By Linda Koco
PHILADELPHIA – Sam Richter had a meeting with an executive at Allianz, and he wanted to be present with information that shows he is keeping up with the company and cares about how it is doing.
So he arrived about 10 minutes early, sat in his car, and booted up Google on his mobile device. Then he he put “sales intelligence” to work, he told a pre-meeting workshop here at the start of the Million Dollar Round Table annual meeting.
Sales intelligence is the term the chief executive officer of SBR Worldwide, Minnetonka, Minn., uses when referring to the use of technology to find valuable data to use in sales meetings. This is data that helps sales professionals build meaningful relationships with prospects and clients, by making the other people feel important.
“Millions of data points are circling in here right now,” he told the audience, but many times sales people don’t know how to access that information. So he discussed the internet tools he uses to get that information. All are free, he emphasized.
Looking for the ‘one thing’
In the car that day, what the sales marketing expert did was look, on Google, for the most recent information he could find that would be useful in his upcoming conversation. He was looking for the “one thing” that the woman from Allianz might want to know, the one piece of data that might invite further discussion and business down the road.
Richter didn’t want just to wing it or to draw upon data in company brochures and materials. He said he wanted better information, data that was current and relevant.
So, instead of searching through the 48 million results that came up when he plugged in the name of Allianz into the Google search box, Richter used various Google tools to refine his search—tools that he said are available on every search page.
After bringing up those 48 million Allianz search results, he clicked on Google’s “more” button which allows sorting by topic. Then he clicked on the “news” option. He sayidhe does this 10 minutes before every meeting “to find out what is going on in the other person’s world, today.”
Next, he clicked on the “search” button. This allows Google users to narrow their search to results by order of time, even down to the last hour. That’s when he said he found an item posted just six minutes previously on Market Watch. That item stated that Fortune had named Allianz as a "best place to work."
“Perfect,” he said. “That was the one thing that Sherri (the Allianz executive) cares about today.”
So, once he was in the building and greeting Sherri, he said he congratulated her on the news. She asked what news. When he told her, she was surprised and wanted to know when it happened. “Oh, six minutes ago,” he said he replied, explaining he had been out in the car and “Googled it.”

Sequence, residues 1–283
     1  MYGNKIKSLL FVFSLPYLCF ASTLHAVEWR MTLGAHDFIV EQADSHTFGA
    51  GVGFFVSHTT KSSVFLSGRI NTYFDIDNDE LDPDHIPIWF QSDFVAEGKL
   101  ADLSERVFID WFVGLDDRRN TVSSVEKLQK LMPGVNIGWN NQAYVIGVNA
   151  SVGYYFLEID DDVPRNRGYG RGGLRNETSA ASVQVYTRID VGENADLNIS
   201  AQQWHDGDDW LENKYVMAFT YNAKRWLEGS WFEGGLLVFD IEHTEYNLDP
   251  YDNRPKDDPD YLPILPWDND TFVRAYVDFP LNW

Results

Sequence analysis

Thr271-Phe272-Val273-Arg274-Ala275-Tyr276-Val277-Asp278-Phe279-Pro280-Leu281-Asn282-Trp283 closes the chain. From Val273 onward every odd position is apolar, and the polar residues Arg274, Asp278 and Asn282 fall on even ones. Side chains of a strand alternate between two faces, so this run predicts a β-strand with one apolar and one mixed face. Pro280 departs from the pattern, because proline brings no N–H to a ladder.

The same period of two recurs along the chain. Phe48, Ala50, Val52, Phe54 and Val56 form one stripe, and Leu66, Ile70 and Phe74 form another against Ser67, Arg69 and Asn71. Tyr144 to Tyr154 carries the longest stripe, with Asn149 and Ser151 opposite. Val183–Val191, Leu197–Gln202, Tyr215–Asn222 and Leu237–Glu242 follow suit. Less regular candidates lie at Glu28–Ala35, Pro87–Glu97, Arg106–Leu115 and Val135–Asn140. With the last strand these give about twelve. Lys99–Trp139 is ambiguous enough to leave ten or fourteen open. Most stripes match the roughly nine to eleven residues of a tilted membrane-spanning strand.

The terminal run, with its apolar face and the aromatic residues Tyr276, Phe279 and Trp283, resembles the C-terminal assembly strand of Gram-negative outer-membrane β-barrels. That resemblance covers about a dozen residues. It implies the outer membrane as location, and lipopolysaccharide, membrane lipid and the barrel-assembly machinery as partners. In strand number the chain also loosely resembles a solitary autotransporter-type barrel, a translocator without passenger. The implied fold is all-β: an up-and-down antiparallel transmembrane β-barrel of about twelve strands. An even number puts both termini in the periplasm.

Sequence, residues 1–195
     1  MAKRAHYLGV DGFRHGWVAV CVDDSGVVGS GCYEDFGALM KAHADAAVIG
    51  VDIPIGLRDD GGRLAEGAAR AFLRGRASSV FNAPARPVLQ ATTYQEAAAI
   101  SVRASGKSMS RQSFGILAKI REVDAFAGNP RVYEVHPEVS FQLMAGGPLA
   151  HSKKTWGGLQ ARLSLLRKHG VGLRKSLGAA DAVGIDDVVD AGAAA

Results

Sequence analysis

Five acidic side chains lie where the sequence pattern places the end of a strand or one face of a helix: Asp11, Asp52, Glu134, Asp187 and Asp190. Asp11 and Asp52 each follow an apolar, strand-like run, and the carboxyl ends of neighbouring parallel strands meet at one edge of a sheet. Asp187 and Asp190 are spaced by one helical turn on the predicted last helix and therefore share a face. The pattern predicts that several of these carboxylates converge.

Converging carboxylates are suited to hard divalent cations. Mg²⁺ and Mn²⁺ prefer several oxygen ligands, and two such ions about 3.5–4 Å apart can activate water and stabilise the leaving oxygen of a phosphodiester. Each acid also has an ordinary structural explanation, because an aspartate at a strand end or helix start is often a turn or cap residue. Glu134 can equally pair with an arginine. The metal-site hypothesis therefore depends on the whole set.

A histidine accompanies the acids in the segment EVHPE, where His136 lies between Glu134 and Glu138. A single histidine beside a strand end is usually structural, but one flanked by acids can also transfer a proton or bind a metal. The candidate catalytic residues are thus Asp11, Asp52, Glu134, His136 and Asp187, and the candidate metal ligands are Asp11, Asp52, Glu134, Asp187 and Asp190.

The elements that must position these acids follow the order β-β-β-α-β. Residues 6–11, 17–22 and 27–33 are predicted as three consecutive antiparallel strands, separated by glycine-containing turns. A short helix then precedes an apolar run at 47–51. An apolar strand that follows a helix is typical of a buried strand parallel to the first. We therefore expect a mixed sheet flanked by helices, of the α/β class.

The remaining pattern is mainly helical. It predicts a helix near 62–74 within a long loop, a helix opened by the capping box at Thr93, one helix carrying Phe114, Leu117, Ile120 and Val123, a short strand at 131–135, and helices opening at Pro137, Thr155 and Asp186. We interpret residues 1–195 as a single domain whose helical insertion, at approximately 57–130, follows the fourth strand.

Getting permission to move forward
The value of that search and the subsequent conversion with Sherri has to do with what happened next.
The exchange gained him something very important, Richter contended. “I now had permission to ask the next question.” The next question in that case was, what makes this such a great place to work?
This spurred Sherri to answer, and in the process talk about the things of much importance to the firm. Later on, she asked Richter to tell her about himself. “Suddenly, I’m not selling. I am being invited to tell stories,” he recalled.
That turn in discussion was important in terms of relationship building.
Studies have shown that sales people have only three seconds before buyers decide whether they want to do business with you or not, Richter pointed out.
The buyer decision is subconscious and emotional, and has a little bit to do with how the sales person looks, talks and smells, he said. “But a lot of it has to do with what comes out of your (the salesperson’s) mouth.
“If the first thing out of your mouth is about you, you are already building a brick wall…. [The buyer] feels sold to, and gets defensive.”
If the sales person comes with charts and PowerPoint presentations, and “if everything is about your company, your brand, your experience and how many people you’ve helped, do you know what they’re thinking?” he asked. “They’re thinking, ‘When is this person going to go?’”
But if the salesperson talks about the other person, “you destroy that brick wall,” he said. “It works every time…talking about the other person shows them that you care.”
Numerous search tools
During his presentation, Richter discussed numerous other search tools, in addition to Google, that salespeople can also access to obtain information related to their clients and prospects.
Is this reasonable to do? he asked. Before going into a client meeting, is it reasonable for the salesperson to do a Google search, pull up a profile on LinkedIn, go to Searchable or use some of the other tools?
His answer was yes. It won’t be easy at first, he added. But in a little bit of time, he predicted, “it will be super easy.”
© Entire contents copyright 2013 by InsuranceNewsNet.com Inc. All rights reserved. No part of this article may be reprinted without the expressed written consent from InsuranceNewsNet.com.